Monday, 30th October 2017

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Time to be global and local

Striving for greater self-reliance is fine, but making that the leitmotif of the country’s strategy at this time is dangerous

By Charu Sudan Kasturi
  • Published 20.05.20, 10:07 PM
  • Updated 20.05.20, 10:07 PM
  • 3 mins read
  •  
Nirmala Sitharaman made a series of announcements meant as an intravenous infusion of sops to revive the economy — delivered in drips, for several days in a row PTI

Speaking to the nation last week, Prime Minister Narendra Modi pitched the pandemic and the economic crisis as opportunities for India to turn “atmanirbhar” (self-reliant). The finance minister, Nirmala Sitharaman, followed that speech up with a series of announcements meant as an intravenous infusion of sops to revive the economy — delivered in drips, for several days in a row. But words are cheap. And no one knows that better than Indians.

Indeed, the coronavirus challenge has forced the world to take a hard look at global supply chains and has made companies and countries explore ways of reducing their dependence on any one nation or region. For India to do the same is both natural and desirable. In fact, self-reliance has been a central theme running through the country’s governance since Independence — the Green Revolution and White Revolution were testaments to that sentiment.

Yet, the reality is that India remains fundamentally dependent on others for basic commodities, ranging from the oil it buys from the Middle East and, increasingly, the United States of America to the active pharmaceutical ingredients it imports from China. India lacks the supply chains to support a vast majority of the industries that are contemplating shifting from China where the pandemic took birth. Striving for greater self-reliance is fine, but making that the leitmotif of the country’s strategy at this time is dangerous.

It sends the message that India plans to look inwards at a time when it desperately needs to collaborate more with other nations to resurrect the economy and fix a public health crisis unlike any the world has seen in decades. After the Great Recession, India’s economy benefited from the close coordination among New Delhi, Washington, Beijing and European capitals, including the G-20 that truly took off amid that global challenge. To imagine that the Indian economy can recover this time without green shoots reappearing in China, the US and Europe would be naïve. The country’s trade-to-GDP ratio — a measure of its dependence on trade — is a very significant 43 per cent, although it’s lower than the peak of 56 per cent in 2012.

Some of India’s most stunning public health achievements have also been the result of global partnerships; the global vaccine alliance, GAVI, includes the WHO, governments, pharmaceutical companies and non-profit organizations such as the Bill & Melinda Gates Foundation. It’s a coalition that has been central to helping India, once the epicentre of polio, rid itself of the virus.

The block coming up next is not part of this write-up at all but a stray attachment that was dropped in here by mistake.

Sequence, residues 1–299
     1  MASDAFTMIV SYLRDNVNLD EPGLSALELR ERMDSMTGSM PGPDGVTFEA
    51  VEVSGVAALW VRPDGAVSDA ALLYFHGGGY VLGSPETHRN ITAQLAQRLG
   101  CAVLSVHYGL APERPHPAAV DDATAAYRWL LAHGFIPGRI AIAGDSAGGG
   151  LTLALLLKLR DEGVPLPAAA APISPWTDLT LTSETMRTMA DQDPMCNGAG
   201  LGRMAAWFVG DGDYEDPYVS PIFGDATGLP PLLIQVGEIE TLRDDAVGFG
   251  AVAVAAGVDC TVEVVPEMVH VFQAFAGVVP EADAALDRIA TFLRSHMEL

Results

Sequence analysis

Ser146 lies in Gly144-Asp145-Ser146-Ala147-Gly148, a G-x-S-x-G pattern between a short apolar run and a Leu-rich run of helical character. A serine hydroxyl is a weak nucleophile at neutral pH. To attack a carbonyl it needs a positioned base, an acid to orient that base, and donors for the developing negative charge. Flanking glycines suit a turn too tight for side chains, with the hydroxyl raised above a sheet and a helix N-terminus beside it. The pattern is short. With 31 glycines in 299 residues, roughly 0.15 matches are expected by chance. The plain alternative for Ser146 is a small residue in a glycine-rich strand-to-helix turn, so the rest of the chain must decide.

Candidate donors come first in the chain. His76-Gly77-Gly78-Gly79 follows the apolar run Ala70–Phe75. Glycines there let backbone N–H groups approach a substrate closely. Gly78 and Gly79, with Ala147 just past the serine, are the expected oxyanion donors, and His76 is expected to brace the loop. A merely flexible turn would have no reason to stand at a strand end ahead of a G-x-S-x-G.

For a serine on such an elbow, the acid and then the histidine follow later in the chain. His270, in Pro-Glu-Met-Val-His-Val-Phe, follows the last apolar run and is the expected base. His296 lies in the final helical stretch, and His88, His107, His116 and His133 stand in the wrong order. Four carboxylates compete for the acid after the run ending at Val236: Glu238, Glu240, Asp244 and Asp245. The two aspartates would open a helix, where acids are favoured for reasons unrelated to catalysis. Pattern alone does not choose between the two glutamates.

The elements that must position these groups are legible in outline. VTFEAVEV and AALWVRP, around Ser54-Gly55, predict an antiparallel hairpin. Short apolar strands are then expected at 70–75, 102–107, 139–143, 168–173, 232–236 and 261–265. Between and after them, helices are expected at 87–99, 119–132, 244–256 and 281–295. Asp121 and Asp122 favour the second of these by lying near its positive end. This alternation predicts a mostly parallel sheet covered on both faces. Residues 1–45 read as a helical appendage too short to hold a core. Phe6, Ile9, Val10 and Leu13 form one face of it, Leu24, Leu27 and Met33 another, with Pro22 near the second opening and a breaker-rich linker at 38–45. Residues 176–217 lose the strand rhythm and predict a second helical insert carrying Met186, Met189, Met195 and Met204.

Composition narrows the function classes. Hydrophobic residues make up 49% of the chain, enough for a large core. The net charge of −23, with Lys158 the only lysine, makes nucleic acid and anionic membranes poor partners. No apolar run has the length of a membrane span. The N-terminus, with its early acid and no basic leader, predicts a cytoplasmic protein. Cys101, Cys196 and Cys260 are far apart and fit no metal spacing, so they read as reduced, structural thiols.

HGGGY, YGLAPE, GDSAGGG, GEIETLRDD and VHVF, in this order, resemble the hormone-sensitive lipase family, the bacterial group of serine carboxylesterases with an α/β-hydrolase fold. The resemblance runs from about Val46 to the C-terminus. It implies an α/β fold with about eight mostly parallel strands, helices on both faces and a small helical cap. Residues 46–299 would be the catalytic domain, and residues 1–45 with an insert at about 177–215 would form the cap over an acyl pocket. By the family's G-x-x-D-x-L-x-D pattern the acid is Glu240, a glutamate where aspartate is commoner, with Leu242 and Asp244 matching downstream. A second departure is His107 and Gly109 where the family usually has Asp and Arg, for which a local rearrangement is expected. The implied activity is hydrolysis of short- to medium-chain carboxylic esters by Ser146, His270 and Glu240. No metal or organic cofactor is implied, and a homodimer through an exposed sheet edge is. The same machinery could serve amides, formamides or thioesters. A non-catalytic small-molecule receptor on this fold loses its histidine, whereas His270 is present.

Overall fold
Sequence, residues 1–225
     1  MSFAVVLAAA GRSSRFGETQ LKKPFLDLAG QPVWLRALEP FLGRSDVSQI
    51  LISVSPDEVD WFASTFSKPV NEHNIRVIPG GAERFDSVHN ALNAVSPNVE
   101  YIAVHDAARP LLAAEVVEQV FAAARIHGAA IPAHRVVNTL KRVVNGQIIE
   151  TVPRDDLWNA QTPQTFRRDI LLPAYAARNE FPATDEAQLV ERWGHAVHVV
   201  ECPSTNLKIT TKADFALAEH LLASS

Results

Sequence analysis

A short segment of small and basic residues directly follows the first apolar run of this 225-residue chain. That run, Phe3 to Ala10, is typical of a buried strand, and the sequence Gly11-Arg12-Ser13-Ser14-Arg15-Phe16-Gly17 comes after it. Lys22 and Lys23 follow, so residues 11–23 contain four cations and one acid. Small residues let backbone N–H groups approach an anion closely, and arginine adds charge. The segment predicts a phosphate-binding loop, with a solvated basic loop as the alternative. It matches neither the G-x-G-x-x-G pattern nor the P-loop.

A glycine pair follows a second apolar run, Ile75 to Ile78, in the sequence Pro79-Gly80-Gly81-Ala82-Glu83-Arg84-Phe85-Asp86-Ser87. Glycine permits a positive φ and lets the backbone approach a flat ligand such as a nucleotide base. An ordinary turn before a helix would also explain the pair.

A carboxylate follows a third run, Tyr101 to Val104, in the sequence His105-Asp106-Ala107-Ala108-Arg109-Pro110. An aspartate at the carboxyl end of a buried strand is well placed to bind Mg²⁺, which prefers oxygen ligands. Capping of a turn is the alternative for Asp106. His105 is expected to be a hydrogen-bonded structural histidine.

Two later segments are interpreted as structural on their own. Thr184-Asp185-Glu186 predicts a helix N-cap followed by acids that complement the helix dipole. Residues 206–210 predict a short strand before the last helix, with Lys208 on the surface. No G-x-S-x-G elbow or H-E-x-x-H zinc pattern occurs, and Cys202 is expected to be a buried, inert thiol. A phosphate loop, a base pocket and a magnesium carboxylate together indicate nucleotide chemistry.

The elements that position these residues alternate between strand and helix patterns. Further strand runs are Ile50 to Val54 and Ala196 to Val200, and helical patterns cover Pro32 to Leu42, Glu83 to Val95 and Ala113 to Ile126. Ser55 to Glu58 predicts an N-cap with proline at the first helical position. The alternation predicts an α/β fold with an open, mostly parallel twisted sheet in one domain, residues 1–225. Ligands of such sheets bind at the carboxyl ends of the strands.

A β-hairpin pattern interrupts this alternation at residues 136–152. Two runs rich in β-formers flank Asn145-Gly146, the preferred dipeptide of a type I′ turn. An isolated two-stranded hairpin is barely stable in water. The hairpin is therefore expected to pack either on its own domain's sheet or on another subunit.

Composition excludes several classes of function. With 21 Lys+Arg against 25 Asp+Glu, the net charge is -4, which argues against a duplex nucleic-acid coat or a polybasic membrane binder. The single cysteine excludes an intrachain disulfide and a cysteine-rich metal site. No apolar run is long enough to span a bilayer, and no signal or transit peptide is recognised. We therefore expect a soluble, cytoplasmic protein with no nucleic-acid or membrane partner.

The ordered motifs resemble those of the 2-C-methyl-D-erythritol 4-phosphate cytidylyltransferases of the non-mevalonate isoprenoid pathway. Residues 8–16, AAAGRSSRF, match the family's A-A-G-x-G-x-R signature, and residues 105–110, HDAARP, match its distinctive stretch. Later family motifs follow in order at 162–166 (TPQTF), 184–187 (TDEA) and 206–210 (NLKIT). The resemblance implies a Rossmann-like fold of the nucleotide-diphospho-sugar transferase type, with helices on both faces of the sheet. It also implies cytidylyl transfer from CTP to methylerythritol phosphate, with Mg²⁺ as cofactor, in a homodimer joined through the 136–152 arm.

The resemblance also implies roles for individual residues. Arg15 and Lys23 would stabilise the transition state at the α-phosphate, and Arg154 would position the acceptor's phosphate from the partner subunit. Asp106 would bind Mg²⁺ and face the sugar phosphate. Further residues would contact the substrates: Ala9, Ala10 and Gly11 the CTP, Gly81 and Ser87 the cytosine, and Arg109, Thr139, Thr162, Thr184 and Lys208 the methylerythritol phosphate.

Such a global vaccine partnership is more critical than ever before as the world hunts for an inoculation against the coronavirus. But an unseemly vaccine arms race is replacing a collaborative model. Donald Trump has compared America’s rush to develop a vaccine to the Manhattan Project that led to the development of the atomic bomb. The FBI has accused China of trying to hack into vaccine research by US groups, an allegation Beijing has denied.

Earlier this month, when the European Commission held a virtual fundraiser for collaborative research on a coronavirus vaccine, the US and India didn’t participate. China attended the conclave only through its ambassador to the EU. Since then, France has warned its pharma giant, Sanofi, against exporting any coronavirus vaccine it develops to the US — the company’s biggest market — before the French population is inoculated. The ‘vaccine nationalism’ — as critics are referring to it — we’re seeing over the coronavirus could end up creating a situation where “everyone is going to continue to suffer”, warned Jane Halton, a former WHO board member.

Another way is possible. More than 140 current and former world leaders, led by the South African president, Cyril Ramaphosa, have in an open letter called on governments and pharma companies to ensure that a vaccine — whoever develops it first — is made available without patents to people of all countries.

At the WHO’s annual world health assembly, held over videoconference earlier this week, the EU proposed a “voluntary patent pool” under which pharma companies would be requested to waive licences for a coronavirus vaccine, if they develop one. The US and the UK are pushing back against the proposal, but India must support it. The Modi government should also sign the letter by world leaders calling for a “people’s vaccine” — Pakistan’s Imran Khan has already endorsed it.

Indian researchers are also trying to develop a coronavirus vaccine, but there’s no guarantee which set of scientists will get there first. What we do know is that the economy — India’s and the world’s — will remain on tenterhooks until a vaccine is developed and is accessible to most of the planet’s 7.5 billion people.

The one silver lining in the Modi government’s atmanirbhar messaging is its insistence that India will remain committed to globalization. To most of the world, that has sent out mixed signals. But there’s a possibility that the caveat reflects the Modi government’s recognition that for all the bluster of self-reliance on television, India will continue to need the world.

Self-reliance is good. Self-delusion is not.